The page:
Our podcast The Truth Lies in Bedtime Stories, from See Through News, Series 7, Marcus & Jemima – how I deal with people at parties who assume I have children, George reviews everything we’ve learned about his children, the nature of truth and lies, and finally reveals the truth, largely.
In Episode 7, George reflects on the nature of truth and lies, reviews everything we’ve learned about his children, finally revealing the truth, largely.
To hear the whole yarn in one go, there’s the Omnibus edition.
To have it spun out episode by episode, like all stories, it’s best to start at the beginning:
Narration and series theme music by George Hinchliffe
Produced & mixed by SternWriter
Podcast sting by Samuel Wain
If you enjoyed this series, why not try:
- Series 1: The Story of Ganbaatar – the only qualified deep-sea navigator in Mongolia
- Series 2: Betrayed – A Tale of Christmas Spiritual Pollution
- Series 3: Life on the Edge – Taiwan, China, America and the Moment I Realised Mrs. Wang Was Mostly Guessing What Her Husband Said
- Series 4: The Quiet Revolutionary – the heroic role played in a plot to assassinate the King by someone you’ve all heard of
- Series 5: A Classical Chinese Dirty Joke, Told Thrice
- Series 6: Teetering – how a Hawaiian beach bum held my career in the balance
The Truth Lies in Bedtime Stories is a See Through News production.
See Through News is a non-profit social media network with the Goal of Speeding Up Carbon Drawdown by Helping the Inactive Become Active.
For more visit seethroughnews.org
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Episode 7 : All Is Revealed, Largely
Why have we evolved to prefer stories to reality?
Hmm. I think it is true that as humans we tend to like stories that are beguiling rather than drawing reasonable conclusions from statistical analysis of what happened.
So, for example, when we’re all sitting round the table and we’ve not quite finished the bottle of champagne, I can’t imagine a circumstance where people would do that. But I understand that this sometimes happens and people say if you simply put a spoon in the top of the champagne bottle, it will stop the bubbles getting out.
Why anybody would think that is beyond me because bubbles clearly are going to come up in the liquid and go into the air. And so the champagne is going to go flat. But people persist in saying that you put a spoon in the top and I suppose if you’ve had a few drinks and there’s a spoon lying around on the table, but you can’t get the cork back into the top of the bottle, this is a thing that might spring to mind and I’ve heard no end of people telling me that this is a fact and it’s true.
I’ve proved it beyond a shadow of doubt that it’s not true. It just doesn’t work at all. I’ve tried to demonstrate it to other people, but they won’t have it. They say, Oh, I think there are still some bubbles there. When two days later the thing is flat as a fart, you know?
But nevertheless, this is what people do and I think the story because you can conceive of it and if it were true, it would be something that’s on a human scale rather than some microscopic analysis or an exhaustive story about statistics and physics and chemistry and whatnot. People like it.
And I think a lot of things are like that. Politicians do tend to reassure us and tell us all sorts of things. Let us say a lie repeated endlessly becomes something that a lot of people believe, especially if a high status politician has repeated it, whereas a sceptical person would say that is a load of nonsense. I’m not buying that.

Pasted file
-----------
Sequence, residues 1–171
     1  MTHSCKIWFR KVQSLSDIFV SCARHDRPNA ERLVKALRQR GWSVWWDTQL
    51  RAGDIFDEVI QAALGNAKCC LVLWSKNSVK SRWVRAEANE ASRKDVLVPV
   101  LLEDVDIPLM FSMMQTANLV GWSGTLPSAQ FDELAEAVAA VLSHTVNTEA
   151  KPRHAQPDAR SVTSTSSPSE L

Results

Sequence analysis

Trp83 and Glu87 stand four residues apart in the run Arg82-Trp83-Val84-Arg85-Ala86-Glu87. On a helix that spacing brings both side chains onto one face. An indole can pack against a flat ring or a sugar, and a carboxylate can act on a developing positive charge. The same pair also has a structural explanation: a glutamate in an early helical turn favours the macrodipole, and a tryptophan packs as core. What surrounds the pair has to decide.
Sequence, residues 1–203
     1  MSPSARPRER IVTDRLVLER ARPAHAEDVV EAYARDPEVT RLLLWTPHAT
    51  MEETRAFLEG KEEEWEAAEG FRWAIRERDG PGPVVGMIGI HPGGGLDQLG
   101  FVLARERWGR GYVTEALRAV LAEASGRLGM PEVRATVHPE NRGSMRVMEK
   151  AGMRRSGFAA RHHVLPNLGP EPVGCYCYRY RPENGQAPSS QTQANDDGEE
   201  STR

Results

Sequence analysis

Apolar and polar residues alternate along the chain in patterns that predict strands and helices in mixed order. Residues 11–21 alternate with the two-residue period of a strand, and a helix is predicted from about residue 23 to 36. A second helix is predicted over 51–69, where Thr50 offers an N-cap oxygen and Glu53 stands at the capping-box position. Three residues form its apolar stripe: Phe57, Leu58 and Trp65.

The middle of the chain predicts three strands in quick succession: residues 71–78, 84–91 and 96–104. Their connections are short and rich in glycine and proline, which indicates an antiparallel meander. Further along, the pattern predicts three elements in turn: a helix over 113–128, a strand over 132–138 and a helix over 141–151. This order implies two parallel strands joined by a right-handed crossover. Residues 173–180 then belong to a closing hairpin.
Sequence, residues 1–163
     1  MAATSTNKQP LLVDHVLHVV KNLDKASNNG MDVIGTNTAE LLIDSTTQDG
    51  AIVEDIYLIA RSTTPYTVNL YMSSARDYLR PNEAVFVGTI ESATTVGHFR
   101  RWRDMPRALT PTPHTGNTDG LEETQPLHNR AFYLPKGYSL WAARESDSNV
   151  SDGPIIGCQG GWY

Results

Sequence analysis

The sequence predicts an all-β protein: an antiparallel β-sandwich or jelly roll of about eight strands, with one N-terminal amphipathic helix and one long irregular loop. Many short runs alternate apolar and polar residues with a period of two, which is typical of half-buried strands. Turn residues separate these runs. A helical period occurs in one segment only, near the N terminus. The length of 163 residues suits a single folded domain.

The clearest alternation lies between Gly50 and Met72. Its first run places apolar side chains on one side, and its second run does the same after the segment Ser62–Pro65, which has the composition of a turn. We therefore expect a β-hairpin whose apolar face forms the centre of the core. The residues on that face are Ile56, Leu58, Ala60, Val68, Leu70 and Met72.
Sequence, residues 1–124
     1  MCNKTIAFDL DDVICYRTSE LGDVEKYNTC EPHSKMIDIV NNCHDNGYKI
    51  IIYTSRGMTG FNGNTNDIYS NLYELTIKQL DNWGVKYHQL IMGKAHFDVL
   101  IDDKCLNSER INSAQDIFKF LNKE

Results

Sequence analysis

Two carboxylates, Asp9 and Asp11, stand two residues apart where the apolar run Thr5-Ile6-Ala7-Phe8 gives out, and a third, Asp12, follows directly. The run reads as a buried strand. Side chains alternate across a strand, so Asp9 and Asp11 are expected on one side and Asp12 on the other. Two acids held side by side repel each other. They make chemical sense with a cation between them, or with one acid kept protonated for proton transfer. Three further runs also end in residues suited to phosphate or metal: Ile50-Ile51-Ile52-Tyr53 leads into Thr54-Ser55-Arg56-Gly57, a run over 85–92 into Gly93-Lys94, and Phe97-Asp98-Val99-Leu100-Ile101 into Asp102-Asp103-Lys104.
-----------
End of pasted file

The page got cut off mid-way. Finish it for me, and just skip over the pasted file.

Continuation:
But it does become a thing. We believe whether it’s a significant thing about pollution or profit or who’s running away with the proceeds from some nefarious scheme or whether it’s just some nonsense about bubbles in champagne, we as a species seem to want to believe the beguiling or interesting story rather than facing up to the fact.
When people have asked me for my CV resume, the story of my life, I’ve said, ‘Oh yes, I run Brown’s garage up Harehills Lane in Leeds, you know, just a small garage. We do MOTs re-bore, de-coke’, or at least that’s what I used to say when that would have been a perfectly reasonable thing to say.
I’ve no idea about what happens to cars these days. I think it’s more like computer diagnosis and install a new unit. But in those days’ re-bore and de-coke’ sounded quite credible.
And then at other times I’ve told people that I’d been a professional wrestler, but I was looking for something else. I’d saved up the prize money so there was no great urgency. And at one stage I’d been an unarmed combat instructor.
Of course, that was when I was in the armed forces again, but that was not the version of the Metaverse which led me to what was the story. I can’t remember why I’m now the dishonourable discharge. There was no honourable or dishonourable discharge.
But indeed, you know, when people say, ‘So where did all these children feature in the story?’ I can say it happened over several years. And from Marcus right through to Maaike and Bas, there were a lot of children.
So, so just to be clear, was it not just Marcus and Jemima? We’ve called this series Marcus and Jemima, but actually there were many more children.
This is what I said, Yes. And when people ask me for the truth, I’ve said indeed there were a lot of children with 13 children altogether.
So can you just go through their names?
Marcus, Jemima, Clytemnestra, Hubert and Walter? Oh, I missed out Lily, Wayne, Taylor, Warren, Skye, Augusta, Maaike and Bas.
So. You really have 13 children?
No, I was lying.
If you enjoyed Marcus & Jemima, please try our other podcast series, all of which are also entirely true, largely.